Lastly, don’t let what you hear in the media decide when time is right. I know this isn’t the best climate for business, but regardless of the times, you still have to “Make It Happen” if it’s going to happen at all.
Q: Do you have a favorite success story from your work as a business consultant?
A: I wanted to use what I have learned over the years to give back to my community. I started a Student Entrepreneurship Challenge working with the area high school juniors and seniors.
My thought was to reach young adults at a stage in their life where deciding what to do and how to go about it was a challenge. So I started to contact area high school faculty and counselors with my idea. The response has been very good and after four years we have had some amazing success stories of students that have developed products and are selling them nationally and internationally.
We give out dollar amount awards and new laptop computers with some smaller prizes as well. Students submit a product or service idea and develop a business plan around it. The top five are selected to present in person and a panel of judges, (community business people) judge for first, second and third place awards.
Q: What message do you most want to share with local business owners?
A: Take the time and budget some dollars every year to invest in yourself. We live in an increasingly changing world. You have to keep yourself in such great shape from every aspect as a business owner, and track everything.
See if what you are doing, be it time or money spent, drives you towards the results you are looking to achieve.
Q: And with other marketing consultants like yourself?
A: Be patient and listen. We always want things to happen quickly. In most cases people you are dealing with will tell what they need and when the best time is. But you have to be dialed in to hearing what the prospect has to say rather than being so revved up to sell what we have, because we know just how good it really is. We have to let with the value aspect of what we have to offer be the lead. Let the prospect know you are there to work together with them in the process of providing the most practical and affordable solution. Don’t give the objection, but build the relationship in a way that the wall never goes up. The rest will take care of itself.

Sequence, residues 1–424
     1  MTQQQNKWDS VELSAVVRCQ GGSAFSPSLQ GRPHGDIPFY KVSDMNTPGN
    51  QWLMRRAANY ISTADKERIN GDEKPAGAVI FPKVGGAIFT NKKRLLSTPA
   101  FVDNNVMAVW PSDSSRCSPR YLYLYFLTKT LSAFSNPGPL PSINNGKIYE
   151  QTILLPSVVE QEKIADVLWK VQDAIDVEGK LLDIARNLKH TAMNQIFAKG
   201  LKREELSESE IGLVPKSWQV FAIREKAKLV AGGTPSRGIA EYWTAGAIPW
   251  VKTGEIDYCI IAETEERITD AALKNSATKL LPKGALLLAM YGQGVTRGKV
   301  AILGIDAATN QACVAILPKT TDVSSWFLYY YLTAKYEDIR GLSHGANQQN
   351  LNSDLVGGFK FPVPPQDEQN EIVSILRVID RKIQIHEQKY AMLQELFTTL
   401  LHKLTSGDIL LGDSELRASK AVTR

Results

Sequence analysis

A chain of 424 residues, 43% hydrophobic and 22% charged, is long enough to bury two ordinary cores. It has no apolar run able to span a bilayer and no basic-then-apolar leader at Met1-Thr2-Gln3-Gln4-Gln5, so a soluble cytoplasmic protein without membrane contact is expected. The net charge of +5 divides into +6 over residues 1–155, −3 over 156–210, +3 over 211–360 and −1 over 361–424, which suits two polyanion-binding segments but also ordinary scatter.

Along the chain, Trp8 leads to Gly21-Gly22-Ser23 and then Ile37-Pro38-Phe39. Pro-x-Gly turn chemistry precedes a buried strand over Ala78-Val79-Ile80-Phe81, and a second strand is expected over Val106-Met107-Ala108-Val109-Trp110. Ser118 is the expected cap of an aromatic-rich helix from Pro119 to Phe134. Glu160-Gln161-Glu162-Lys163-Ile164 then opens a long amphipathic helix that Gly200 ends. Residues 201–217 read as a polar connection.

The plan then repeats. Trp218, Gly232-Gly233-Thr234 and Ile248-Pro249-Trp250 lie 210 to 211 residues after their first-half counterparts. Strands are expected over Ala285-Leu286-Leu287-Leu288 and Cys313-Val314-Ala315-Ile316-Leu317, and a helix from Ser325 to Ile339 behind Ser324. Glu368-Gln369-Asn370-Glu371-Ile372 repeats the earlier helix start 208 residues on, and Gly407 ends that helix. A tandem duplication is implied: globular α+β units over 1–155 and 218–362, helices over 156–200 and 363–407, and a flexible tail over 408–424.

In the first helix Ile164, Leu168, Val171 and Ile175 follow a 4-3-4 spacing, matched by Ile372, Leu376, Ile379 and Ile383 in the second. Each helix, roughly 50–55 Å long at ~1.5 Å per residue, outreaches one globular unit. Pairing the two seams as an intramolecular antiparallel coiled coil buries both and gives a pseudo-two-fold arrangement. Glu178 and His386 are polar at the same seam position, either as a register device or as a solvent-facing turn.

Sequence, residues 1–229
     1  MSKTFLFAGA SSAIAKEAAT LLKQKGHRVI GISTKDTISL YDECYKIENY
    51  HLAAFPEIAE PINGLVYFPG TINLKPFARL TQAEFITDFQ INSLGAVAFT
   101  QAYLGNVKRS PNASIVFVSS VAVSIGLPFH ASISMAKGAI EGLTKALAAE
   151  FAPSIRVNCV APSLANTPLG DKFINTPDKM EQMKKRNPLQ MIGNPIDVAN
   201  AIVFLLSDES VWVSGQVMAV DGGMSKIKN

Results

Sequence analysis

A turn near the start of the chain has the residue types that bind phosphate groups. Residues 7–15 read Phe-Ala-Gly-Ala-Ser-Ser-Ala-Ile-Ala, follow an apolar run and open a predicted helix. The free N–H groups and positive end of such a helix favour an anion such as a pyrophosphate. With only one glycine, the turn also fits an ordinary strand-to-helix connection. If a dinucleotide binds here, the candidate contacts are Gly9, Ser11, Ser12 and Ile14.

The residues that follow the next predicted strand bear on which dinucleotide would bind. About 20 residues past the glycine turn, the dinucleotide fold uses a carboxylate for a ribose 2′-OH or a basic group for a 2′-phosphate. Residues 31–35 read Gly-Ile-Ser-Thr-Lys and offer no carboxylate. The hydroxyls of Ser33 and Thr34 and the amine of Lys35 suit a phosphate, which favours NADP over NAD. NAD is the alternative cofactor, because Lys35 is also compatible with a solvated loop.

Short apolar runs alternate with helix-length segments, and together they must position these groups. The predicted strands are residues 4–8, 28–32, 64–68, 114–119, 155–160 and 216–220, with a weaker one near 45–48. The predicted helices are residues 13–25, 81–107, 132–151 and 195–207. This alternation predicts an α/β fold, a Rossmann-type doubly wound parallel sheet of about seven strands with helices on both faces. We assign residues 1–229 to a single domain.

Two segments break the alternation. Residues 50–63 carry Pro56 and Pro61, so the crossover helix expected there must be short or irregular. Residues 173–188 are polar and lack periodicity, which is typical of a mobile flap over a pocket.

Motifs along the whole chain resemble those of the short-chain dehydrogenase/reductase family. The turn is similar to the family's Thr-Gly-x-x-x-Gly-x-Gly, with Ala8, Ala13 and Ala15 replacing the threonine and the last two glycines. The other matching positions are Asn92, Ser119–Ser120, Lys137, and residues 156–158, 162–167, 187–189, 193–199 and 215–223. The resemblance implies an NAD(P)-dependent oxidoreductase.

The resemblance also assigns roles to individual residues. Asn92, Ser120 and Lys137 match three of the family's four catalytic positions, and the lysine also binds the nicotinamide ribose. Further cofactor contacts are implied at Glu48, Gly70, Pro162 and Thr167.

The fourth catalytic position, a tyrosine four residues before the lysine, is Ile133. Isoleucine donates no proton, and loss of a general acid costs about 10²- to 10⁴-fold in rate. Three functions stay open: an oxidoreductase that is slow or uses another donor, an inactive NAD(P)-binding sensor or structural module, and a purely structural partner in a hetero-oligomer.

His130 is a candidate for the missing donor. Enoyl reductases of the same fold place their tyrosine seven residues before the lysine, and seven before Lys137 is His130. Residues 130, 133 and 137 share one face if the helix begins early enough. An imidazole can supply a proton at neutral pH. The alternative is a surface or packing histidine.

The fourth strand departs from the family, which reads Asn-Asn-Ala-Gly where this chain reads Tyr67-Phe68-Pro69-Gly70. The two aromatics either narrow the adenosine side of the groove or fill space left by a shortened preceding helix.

Q: Where do you see yourself and your business in the next 5 years?
A: I think that the sky can be the limit. I have an excellent foundation with relationships I have made. So now it’s just identifying where the right fit is. First my goal for this year is to reach Master level with the program and continue to build this program out. Always, always be a student of the game and bring as much increase to people and businesses that I can.
This quote from Nelson Mandela puts it into perspective: “There is no passion to be found playing small, in settling for a life that is less than the one you are capable of living.”
Dale Stefancic: Making Success Happen,